Lake Baikal is warming faster than the atmosphere, potentially endangering some of its wildlife, scientists say.
Baikal, which holds 20 percent of the world's fresh water, has warmed by 1.21 degrees Celsius since 1946, said Marianne Moore, assistant professor of biological sciences at Wellesley College in Massachusetts. Global temperatures have risen 0.76 degrees Celsius since industrialization, a United Nations panel on climate change said in March.
The Siberian lake holds more than 2,500 plant and animal species, including the world's only exclusively freshwater seal, and some could become extinct by continued warming, said Moore, co-author of a report on Lake Baikal to be published this month in the journal Global Change Biology. The study challenges the idea that thermal inertia of oceans, seas and large lakes would make them more resistant to climate change, Moore said.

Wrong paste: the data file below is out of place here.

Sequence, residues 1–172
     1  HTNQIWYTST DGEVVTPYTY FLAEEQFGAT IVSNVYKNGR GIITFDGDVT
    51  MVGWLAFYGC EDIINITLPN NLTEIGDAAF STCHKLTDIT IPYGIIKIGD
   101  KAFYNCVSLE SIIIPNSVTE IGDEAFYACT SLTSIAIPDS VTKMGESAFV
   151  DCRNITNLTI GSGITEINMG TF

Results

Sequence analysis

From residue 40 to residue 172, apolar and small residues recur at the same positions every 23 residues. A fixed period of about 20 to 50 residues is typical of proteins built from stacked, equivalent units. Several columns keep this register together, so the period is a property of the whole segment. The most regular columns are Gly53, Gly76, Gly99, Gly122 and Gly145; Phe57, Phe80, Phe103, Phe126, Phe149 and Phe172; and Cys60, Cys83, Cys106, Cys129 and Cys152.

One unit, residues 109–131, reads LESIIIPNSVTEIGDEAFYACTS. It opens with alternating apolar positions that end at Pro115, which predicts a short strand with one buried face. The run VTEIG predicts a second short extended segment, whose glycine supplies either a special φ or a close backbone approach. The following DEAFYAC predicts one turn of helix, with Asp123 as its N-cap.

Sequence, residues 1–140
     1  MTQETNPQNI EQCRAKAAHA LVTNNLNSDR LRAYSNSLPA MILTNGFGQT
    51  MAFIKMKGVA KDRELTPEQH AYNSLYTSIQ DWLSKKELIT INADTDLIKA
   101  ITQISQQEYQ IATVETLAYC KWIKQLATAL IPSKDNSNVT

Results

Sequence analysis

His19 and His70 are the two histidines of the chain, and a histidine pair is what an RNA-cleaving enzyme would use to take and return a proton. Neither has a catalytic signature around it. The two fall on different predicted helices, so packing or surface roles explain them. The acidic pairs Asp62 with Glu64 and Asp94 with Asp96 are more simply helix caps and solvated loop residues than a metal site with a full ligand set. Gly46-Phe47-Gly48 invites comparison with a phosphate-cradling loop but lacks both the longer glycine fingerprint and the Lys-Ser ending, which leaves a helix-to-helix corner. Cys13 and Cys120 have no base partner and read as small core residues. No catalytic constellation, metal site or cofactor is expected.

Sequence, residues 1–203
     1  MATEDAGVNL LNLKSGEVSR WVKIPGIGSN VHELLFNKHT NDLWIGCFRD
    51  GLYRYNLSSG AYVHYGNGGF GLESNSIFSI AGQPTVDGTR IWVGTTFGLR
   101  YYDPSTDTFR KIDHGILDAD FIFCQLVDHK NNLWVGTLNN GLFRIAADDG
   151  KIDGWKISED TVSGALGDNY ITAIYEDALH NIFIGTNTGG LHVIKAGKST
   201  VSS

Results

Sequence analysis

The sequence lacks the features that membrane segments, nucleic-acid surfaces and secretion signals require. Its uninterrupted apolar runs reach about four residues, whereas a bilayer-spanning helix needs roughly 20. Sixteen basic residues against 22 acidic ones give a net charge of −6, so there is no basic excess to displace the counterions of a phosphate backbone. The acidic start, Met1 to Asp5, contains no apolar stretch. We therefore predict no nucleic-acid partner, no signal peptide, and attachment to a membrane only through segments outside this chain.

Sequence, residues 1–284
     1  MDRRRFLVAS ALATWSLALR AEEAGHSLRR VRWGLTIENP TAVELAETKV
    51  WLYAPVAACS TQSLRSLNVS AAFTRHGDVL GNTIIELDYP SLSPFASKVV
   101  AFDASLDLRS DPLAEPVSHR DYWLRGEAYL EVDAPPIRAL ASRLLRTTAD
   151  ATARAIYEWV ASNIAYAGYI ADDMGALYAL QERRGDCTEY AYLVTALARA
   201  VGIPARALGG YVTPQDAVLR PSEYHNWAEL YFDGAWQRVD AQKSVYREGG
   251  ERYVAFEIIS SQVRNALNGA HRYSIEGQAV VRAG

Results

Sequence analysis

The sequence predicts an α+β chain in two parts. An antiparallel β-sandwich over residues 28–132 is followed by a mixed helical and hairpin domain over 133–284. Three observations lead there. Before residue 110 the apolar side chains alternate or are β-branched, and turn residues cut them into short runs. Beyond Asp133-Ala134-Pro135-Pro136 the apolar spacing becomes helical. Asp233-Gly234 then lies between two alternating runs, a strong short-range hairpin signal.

"The warming that we're seeing in this lake is of more concern than that of any other lake because of the extraordinary biodiversity," Moore said. "You could potentially lose the Baikal seal."
Beginning in the 1940s, data on Lake Baikal was collected by Mikhail Kozhov, a professor at Irkutsk State University. The research was carried on by his daughter and granddaughter, Lyubov Izmesteva, a co-author of the journal article.
The family has taken samples of the lake every seven to 10 days since 1946, amassing a history that Moore analyzed. The data revealed that the lake's average summer temperature has increased by 2.4 degrees, Moore said.
"My jaw just dropped to the floor when I heard this," Moore said. "I was extremely surprised that the data set even existed."